[/caption] This shot was taken from the deck of a ship while cruising along Elliot Bay. We bought a ticket and boarded one of the many boat trips offered by Argosy Cruises and proceeded to tour along the Bay. On a sunny day I think that it’s well worth the money, especially if you’re wanting to get some really cool pictures that you otherwise wouldn’t be able to get. On this day the sky’s were filled with smoke due to a raging fire that was burning in the Olympic National Park. The day brought unusual 90 degree temperatures and a very rare clear sky with no clouds in sight. I knew that August would be the best time to find good weather in Seattle but I never imagined this. I took this photo on 8/16/10 and it was about 11:55am. The sun was in the upper right hand corner of this shot so I tried to position my camera to bend the overexposed light as much as possible. I was using my Tokina 12-24mm wide angle lens and I had it at 24mm. To help tame the sunlit sky I set the ISO to 100, the white balance to -0.3 and attached my warming and CIR-PL filter. I wasn’t using my tripod since the boat was rocking quite a bit and there was enough light to eliminate the need. The camera mode was in Program/Normal mode so the aperture was at F-7 and the shutter speed at 1/125 second. Though days like this in Seattle are rare you have to visit the city when the weather is nice. It’s amazing to hang out along the many beaches, watch the hundreds of daily boaters go by or just hang out gazing at the city skyline. Seattle is deffinitely the place to be when the weather is nice.
[/caption] Most people say that the view from Kerry Park is hands down the best place to view the city. It’s pretty hard to argue that statement especially when you can see Mt. Rainier in the background as well as the Space Needle in the foreground. It’s the only place that I was able to include the mountain with the city. You can also see all the way across Elliot Bay and view parts of the Olympic mountains as well as watch the boats enter the harbor. However, I can’t really decide if this is truly the best place to view the city. It is by far one of the best places but I don’t know if I agree it’s the best. As a photographer, there are several parks to get some amazing panoramic photos and unfortunately Kerry Park is on the north side of the city which limits your view of how massive and long the city really is. There are also a lot of tall trees that obscures the views as you can see in this photo. However, Gas Works park and West Seattle allows you a much better panoramic view of the city. I had to use my 12-24mm lens to have the Space Needle and Quest field in the same frame when I took my photo from West Seattle. You can also see that photo that I took and posted on my blog on 8/1910. I also wrote a very extensive article when I first returned from my photography trip last summer. Gas Works park offers some great views as seen from the east part of the city. I will admit that Kerry Park is the most well kept and tranquil park that I have visited so far in Seattle but I don’t think it offers the best panoramic views of the city. My vote for the best place to view Seattle is in West Seattle. But then again that’s just my opinion. To get this shot I was using my Canon EOS Rebel T1i along with my 18-55mm lens. I was using my CIR-PL and my warming filter. There was a huge wildfire that started in the Olympic mountains a few days earlier which caused the orange haze as seen in the background. The 90 degree weather and stale air didn’t help either. However, it did create a really nice hue around mt. Rainier. I was using my tripod, bubble level and remote switch since we visited the park to get some nice sunset shots. The camera was in Program/Normal mode so the aperture was set at F5 and the shutter speed was at 1/20 second. Due to the glare from the haze I set the ISO to 100 and the white balance to -1.3. This photo was taken at 8:17pm so the sun hadn’t set yet. I believe the sun set around 8:50pm. Unfortunately many of my sunset photos didn’t come out as planned since the forest fire had created a strong glare and each time I took a photo after sunset the glare from the lights made the photo look blurry. However, I was able to get a few keepers and I will be posting them on my blog soon.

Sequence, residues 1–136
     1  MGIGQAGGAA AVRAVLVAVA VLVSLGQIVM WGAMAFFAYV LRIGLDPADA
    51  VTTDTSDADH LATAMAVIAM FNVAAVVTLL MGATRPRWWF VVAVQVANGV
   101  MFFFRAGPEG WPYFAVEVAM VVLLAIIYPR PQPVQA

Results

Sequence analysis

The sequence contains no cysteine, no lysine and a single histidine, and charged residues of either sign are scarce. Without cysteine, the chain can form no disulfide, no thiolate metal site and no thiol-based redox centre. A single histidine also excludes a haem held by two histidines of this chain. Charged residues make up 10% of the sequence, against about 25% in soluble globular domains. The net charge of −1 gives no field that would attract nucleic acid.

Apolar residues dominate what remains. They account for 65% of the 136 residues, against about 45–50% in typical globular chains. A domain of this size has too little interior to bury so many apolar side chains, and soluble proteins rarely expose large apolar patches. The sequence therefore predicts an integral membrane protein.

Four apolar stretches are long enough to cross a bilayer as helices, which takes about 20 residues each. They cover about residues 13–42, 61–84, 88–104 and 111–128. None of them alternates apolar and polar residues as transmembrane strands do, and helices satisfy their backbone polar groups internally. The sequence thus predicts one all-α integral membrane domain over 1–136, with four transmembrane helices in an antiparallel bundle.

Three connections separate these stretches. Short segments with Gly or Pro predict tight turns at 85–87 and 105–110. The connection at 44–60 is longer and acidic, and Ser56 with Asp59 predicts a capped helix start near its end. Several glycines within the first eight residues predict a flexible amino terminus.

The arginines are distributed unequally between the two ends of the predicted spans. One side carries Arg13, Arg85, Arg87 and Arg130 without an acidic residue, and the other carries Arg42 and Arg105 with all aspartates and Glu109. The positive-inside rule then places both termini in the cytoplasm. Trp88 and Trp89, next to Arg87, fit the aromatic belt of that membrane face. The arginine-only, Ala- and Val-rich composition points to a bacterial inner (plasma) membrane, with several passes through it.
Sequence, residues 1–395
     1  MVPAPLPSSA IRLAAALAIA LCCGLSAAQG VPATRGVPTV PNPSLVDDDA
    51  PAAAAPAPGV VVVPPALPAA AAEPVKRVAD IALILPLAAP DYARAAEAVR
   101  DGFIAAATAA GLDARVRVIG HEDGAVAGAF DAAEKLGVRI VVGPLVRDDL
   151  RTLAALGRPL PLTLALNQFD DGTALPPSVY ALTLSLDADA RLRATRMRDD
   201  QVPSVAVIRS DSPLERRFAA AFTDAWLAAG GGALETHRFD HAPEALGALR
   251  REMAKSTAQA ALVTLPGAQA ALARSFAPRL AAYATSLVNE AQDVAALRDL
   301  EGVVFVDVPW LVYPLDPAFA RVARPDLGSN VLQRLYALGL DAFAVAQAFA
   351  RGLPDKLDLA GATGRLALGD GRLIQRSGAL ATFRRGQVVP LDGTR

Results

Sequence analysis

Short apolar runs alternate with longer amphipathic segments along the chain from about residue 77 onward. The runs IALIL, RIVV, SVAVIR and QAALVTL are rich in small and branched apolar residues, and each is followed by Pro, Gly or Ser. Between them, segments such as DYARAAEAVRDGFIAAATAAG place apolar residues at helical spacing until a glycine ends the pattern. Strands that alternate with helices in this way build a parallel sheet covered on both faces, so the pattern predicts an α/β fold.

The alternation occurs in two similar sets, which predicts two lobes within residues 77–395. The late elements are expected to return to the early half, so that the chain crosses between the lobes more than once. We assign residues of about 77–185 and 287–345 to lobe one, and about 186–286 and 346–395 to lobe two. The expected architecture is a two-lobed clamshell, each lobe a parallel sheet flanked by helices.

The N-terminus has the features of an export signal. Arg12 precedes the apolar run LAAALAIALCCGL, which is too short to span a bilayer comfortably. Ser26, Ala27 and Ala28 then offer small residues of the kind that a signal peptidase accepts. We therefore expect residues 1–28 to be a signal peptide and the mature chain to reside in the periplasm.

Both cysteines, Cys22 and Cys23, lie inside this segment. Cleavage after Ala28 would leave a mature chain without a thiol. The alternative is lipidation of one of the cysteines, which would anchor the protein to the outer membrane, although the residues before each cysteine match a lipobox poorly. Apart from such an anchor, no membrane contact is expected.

[/caption] This is now only my second photo of Seattle, WA that I’ve posted on my blog. Recently I’ve been pondering my next visit to this great city so I can take some more amazing photos. This photo was taken from West Seattle which is just across Elliot Bay. It’s an easy and quick drive from I-5 and it offers some of the most amazing photo opportunities in the city. The sun sets behind you and you can capture the glare of the sinking sun as it shines over the sky scrapers. You can also get some great shots of the Olympic mountains as the sun sets behind the mountains. This shot was taken last July and the temperatures on our trip were in the mid 90 degree mark. The temps were so warm that the air was a bit stale and a forest fire in the Olympic mountains really ruined the air quality all over the city. You can kind of see the smoke behind the city. I took this shot at about 9:00 pm, just as the sun had set. I wanted to be able to use the shutter mode on the camera but there was still too much glare. However, I just attached my CIR-PL and warming filter in order to filter out the glare from the lights and water as well as soften the glare from the lights. The shutter speed was at 6 seconds and the F stop was at F-14. I was using my tripod, bubble level and remote switch. I was using my Canon EOS Rebel T1i along with my Canon 55-250mm telephoto lens. The focal length was at 109 and I set the ISO at 800 and the white balance at 0. I spent over two hours photographing from this spot and I experimented with several different settings including several different filter’s. I was wanting to get a shot using the shutter but without having any boats in the frame. This would eliminate any tracers created by the movement of the boats and their lights. However, this is not an easy task when taking pictures in one of the busiest harbors in America. On my next trip I will try to visit during either the months of April or May so I can have a better chance of getting some great photos with clouds and some cooler weather. This shouldn’t be a problem since we all know how rainy and unpredictable the weather is in Seattle. I will be posting some more photos of Seattle in the coming weeks so I can show off some of the great views from all over the city.